DAILY FILM DOSE: A Daily Film Appreciation and Review Blog: The Third Man

Sunday, 6 June 2010

The Third Man

The Third Man (1949) dir. Carol Reed
Starring: Joseph Cotton, Orson Welles, Alida Valli, Trevor Howard


By Alan Bacchus

"The Third Man" might just be the absolute greatest film noir ever made. A stunning potboiler about an American man investigating the death of his friend in post-War Vienna. Carol Reed’s contrasty black and white skewed frames, sharp political wit and one of the great third act reveals in history make the film essential viewing for anyone who likes watching movies.

The political jungle of post-war Vienna is seen from the point of view of Holly Martins (Joseph Cotton). As the narrator (an omniscient one in the British version and Joe Cotton in the American) tells us, Vienna is divided into four quarters, British, American, Russian and French, with no one speaking the same language. Out of greed and necessity a black market for almost anything has emerged and with it all the nefarious smarmy characters we expect from a film noir.

Martins arrives in Vienna summoned for a job by his friend Harry Lime, unfortunately immediately discovering Harry was recently been hit by a trolly and died. But as Holly meets and questions the supposed witnesses to the event shifty eyes, and inconsistent recollections point to a conspiracy. With investigative sleuthing Holly uncovers a plot which involves illegal black market pencillin, and eventually, the discovery, of well… it can’t really be a spoiler 60 years later can it?…. Harry Lime himself still alive having faked his own death.

Graham Greene, the great novelist and screenwriter, is careful to unfold the story. Everyone seems to be on edge and untrustworthy of anyone. The antagonists in the story, a trio of black marketeers, are sophisticated and blend in with the refined polish of their British pursuers. The primo of polish is Harry Lime, when he’s eventually revealed, played by Orson Welles as one of the most famous villains in film history. When we first see Welles, he gives Holly, and the audience, a devious little smirk, before disappearing off into the night. And his dialogue with Joseph Cotton on the ferris wheel is one of the great exchanges in cinema. Cotton and Welles, two old pals from the Mercury theatre, Radio, Citizen Kane and Magnificent Ambersons, bounce the lines off each other with natural ease with Welles using his body language and subtle innuendos in conveying Lime’s threats to Martins.

Carol Reed’s nighttime shooting of Vienna embellishes all the noir-ish texture of genre. The desolate streets and underground sewer systems which the characters chase each other through are lit with harsh contrasty light placed low to the ground creating long ominous shadows and highlighting the rough cobblestoned streets. It’s unnatural but a distinct exaggerated expressionistic aesthetic.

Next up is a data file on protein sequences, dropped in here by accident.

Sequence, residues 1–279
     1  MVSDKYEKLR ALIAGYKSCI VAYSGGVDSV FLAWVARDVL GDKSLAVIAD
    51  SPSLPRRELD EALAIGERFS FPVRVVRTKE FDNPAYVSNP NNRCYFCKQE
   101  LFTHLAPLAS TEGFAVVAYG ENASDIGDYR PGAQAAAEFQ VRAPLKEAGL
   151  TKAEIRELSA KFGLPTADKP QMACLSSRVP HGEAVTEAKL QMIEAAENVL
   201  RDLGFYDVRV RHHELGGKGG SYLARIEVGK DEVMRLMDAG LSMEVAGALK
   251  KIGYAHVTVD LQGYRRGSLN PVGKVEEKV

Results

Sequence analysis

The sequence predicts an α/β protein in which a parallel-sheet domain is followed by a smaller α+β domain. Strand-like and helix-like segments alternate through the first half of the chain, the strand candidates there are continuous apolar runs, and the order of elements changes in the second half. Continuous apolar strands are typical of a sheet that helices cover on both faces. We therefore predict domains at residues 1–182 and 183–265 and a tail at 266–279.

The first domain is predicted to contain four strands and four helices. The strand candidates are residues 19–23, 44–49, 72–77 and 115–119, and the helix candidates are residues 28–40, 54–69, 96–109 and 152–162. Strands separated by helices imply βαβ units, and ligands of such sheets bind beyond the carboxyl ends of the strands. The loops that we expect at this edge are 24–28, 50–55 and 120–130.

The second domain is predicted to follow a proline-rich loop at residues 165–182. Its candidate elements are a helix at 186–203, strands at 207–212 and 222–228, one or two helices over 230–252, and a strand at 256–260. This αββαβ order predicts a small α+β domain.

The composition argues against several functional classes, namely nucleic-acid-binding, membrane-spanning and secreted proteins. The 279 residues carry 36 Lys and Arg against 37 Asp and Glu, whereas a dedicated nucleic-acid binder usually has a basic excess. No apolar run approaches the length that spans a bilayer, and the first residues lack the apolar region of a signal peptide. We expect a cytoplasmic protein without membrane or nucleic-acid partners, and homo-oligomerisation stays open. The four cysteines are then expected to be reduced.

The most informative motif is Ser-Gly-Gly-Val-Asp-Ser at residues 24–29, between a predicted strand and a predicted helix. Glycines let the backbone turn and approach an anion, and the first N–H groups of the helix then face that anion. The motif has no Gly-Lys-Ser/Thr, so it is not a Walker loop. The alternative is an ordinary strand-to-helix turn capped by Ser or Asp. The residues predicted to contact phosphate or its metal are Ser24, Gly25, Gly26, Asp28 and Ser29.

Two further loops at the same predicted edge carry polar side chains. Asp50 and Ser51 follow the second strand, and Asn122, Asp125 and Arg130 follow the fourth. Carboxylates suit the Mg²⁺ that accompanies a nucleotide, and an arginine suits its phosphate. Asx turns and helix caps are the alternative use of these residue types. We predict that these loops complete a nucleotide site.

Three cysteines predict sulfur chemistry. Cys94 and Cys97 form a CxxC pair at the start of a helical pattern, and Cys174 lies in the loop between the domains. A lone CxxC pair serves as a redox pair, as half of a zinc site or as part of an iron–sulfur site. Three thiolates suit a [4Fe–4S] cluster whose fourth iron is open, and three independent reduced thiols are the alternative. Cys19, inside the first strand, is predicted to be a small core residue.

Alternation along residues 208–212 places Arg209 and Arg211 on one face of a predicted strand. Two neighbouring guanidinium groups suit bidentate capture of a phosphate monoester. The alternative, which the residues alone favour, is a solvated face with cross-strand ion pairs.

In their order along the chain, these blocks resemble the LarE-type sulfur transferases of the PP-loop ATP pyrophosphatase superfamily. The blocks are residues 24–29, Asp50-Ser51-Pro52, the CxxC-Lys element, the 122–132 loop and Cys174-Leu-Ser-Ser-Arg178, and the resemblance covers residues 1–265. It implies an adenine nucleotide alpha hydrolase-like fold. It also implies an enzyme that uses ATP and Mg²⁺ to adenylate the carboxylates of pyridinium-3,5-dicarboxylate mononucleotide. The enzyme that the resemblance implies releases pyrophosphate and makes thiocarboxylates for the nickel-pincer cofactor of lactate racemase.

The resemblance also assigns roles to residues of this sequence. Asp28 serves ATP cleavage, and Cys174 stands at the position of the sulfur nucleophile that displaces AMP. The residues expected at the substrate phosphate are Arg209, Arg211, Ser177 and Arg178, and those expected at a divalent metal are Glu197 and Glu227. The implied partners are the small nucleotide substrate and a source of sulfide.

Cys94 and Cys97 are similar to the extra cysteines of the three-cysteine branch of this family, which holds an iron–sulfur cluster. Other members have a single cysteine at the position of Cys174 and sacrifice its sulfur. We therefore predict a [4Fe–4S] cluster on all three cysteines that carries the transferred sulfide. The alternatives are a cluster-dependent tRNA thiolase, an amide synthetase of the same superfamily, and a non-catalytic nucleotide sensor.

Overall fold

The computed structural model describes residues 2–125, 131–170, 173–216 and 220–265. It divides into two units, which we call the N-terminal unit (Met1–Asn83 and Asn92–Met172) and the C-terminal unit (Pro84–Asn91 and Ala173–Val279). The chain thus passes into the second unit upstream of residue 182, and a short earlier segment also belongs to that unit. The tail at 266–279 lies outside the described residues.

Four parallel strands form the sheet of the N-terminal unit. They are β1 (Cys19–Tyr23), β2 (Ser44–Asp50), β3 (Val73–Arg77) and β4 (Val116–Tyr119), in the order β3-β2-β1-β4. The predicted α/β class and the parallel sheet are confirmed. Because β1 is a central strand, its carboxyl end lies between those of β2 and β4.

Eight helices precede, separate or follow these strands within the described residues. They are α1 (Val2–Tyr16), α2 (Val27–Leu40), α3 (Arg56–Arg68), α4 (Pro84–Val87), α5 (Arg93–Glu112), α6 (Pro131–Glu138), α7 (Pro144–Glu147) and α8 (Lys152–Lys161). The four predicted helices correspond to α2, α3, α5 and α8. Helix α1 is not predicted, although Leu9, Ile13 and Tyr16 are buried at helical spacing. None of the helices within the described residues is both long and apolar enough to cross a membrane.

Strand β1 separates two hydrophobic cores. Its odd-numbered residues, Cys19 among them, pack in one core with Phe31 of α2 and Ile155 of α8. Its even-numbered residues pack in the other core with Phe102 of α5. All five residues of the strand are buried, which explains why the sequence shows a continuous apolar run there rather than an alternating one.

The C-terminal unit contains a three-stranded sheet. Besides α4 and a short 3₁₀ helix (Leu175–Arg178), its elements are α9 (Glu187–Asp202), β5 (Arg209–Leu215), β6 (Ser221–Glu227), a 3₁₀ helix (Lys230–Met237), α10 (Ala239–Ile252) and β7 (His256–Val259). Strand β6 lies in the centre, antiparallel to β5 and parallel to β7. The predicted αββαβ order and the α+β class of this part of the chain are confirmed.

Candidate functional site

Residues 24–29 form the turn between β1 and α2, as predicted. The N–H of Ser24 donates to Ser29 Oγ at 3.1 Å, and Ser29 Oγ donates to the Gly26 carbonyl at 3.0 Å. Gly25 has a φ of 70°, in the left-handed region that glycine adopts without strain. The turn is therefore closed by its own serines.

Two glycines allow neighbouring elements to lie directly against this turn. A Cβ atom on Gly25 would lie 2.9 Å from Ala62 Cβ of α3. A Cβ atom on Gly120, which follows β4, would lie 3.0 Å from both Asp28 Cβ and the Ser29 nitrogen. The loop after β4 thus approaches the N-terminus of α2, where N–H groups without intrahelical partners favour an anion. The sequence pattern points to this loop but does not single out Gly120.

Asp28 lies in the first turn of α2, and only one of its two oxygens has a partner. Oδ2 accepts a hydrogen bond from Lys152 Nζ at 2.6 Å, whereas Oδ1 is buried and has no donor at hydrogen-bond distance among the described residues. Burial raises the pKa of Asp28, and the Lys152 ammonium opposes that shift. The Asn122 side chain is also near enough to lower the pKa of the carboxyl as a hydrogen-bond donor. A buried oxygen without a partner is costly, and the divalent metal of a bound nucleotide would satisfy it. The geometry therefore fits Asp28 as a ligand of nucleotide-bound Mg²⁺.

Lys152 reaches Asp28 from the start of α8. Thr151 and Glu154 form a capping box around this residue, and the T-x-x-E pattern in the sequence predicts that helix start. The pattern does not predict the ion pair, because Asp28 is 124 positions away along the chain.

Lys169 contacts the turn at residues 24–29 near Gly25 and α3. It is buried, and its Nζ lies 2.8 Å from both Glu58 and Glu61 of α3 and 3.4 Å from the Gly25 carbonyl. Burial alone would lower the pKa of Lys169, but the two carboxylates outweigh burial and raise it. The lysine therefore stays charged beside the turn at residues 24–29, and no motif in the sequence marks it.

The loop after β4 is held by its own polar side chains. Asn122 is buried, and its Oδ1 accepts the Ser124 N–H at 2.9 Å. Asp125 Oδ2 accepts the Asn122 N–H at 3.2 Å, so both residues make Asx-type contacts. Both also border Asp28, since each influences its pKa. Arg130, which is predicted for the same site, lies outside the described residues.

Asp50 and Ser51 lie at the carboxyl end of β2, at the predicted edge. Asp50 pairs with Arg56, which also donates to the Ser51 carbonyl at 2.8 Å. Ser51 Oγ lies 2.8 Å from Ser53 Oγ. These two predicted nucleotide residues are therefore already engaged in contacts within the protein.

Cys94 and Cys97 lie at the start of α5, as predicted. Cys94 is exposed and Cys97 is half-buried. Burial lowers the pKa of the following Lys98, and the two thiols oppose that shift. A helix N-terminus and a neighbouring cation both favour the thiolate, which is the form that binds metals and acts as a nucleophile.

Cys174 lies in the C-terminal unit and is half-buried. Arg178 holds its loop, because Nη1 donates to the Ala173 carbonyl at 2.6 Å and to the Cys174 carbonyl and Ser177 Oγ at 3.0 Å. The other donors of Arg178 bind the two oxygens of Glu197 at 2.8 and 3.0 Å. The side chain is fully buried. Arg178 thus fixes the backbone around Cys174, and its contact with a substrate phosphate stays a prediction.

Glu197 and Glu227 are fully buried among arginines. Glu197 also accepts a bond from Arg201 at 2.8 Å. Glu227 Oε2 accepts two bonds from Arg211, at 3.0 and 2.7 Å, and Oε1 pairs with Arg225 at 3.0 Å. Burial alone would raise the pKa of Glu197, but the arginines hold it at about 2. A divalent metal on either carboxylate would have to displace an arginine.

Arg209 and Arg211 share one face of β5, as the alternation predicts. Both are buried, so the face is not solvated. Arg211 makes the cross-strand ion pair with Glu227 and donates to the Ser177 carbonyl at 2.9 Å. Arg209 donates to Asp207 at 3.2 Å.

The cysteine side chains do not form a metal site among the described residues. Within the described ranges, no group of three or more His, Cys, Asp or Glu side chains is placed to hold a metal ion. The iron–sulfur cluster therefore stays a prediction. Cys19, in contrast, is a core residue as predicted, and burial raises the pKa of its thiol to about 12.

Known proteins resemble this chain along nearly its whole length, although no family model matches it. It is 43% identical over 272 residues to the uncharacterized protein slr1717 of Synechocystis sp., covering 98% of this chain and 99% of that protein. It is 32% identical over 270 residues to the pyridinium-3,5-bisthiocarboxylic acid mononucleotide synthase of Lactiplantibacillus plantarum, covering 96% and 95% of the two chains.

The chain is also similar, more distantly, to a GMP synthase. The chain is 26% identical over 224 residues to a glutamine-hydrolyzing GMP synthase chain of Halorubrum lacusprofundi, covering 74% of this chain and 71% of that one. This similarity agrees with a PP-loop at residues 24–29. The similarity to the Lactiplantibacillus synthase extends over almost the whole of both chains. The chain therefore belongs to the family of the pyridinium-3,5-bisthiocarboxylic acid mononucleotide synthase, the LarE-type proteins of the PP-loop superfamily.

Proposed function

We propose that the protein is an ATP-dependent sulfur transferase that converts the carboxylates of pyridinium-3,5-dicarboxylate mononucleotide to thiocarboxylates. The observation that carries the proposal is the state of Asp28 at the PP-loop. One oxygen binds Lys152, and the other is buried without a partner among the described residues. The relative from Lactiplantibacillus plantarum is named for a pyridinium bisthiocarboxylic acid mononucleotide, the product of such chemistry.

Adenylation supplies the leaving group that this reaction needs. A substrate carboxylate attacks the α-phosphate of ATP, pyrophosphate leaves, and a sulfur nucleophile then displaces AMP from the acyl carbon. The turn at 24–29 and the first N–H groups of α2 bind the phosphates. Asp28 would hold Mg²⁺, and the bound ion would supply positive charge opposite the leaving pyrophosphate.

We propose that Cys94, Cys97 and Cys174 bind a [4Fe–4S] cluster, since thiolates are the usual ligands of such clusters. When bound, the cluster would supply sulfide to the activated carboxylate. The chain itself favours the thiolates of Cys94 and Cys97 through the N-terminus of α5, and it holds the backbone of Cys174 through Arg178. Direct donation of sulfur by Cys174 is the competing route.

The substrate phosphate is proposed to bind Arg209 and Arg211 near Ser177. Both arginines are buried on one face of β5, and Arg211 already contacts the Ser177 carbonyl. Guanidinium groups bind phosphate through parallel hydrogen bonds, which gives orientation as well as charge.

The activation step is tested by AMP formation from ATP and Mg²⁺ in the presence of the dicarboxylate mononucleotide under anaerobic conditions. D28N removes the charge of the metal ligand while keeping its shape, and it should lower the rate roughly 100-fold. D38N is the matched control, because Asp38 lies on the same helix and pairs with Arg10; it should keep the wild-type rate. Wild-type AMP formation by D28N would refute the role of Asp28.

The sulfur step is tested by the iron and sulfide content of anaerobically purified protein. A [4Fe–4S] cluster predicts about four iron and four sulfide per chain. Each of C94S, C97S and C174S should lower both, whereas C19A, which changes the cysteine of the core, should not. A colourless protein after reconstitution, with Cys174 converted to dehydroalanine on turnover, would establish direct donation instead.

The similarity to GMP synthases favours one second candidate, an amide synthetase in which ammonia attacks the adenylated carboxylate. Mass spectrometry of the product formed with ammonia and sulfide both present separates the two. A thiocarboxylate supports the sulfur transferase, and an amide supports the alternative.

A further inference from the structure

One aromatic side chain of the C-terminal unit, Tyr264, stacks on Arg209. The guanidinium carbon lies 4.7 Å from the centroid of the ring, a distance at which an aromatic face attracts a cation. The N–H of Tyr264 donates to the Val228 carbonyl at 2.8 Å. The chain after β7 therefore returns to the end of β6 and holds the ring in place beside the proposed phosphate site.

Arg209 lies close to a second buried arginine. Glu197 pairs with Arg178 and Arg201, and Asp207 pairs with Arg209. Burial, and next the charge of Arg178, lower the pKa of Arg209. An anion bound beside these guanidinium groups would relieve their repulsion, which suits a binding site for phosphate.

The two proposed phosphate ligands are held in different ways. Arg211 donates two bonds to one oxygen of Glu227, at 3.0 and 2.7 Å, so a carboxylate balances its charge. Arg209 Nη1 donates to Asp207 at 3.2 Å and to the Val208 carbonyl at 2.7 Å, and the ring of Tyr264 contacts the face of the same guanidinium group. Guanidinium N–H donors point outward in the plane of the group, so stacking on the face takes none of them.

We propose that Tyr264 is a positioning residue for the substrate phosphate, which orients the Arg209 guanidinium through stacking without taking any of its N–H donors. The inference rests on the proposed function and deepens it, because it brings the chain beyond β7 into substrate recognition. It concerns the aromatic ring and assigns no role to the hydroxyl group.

I’ve never heard this said, but I can’t help but think the starkness of Welles’ own “Touch of Evil”, made years later, was influenced by “The Third Man”. If not by the stylish camerawork, then the use of the city locale as a character or the distinct and discongruous musical choices of Anton Karas and Henry Mancini.

"The Third Man" is available on Blu-Ray from the Criterion Collection


Freealonzo said...

Great Movie. You implied but should have said that this movie was shot on location in Vienna only a couple of years after WWII and the war devastation is still very much evident with piles of rubble, bombed out buildings, and broken furniture scattered throughout the landscape. Definitely adds to the "noir" of the film.

T.J. Hawke said...

I was blown away by this film when I watched it for the first time about a year ago.

After Welles utters the cuckoo clock line, I had to pause the film and take a break (I felt like I had an out of body experience); then I rewatched that scene and finished the film.

The term underrated gets tossed around too often but Orson Welles is really one of the great underrated ACTORS of all time. His other contributions to film probably overshadow all of his great performences (Third Man, The Stranger, Touch of Evil, etc)

Michael McGonigle said...

The Third Man is one of my favorite films, but I think you err by referring to it as Film Noir.

I don't want to get all specific on you because I like your writing a lot and look forward to the e-mails, but Third Man has more in common with German Expressionism than Noir. At least in the way it looks.

Thematically, what leads me to think Third Man is not Noir is the fact that the hero Holly (Joseph Cotten) is an innocent dope.

He's totally at the mercy, not of fate, but of the machinations of everyone else in Vienna who see him for the chump he is. Why do you think Harry Lime invited him? He was the perfect fool.

That's most unlike a Noir hero, who can be taken advantage of and can be left to the hands of fate, but could you imagine Robert Mitchum, Bogart or even Fred MacMurray playing Holly? I can't.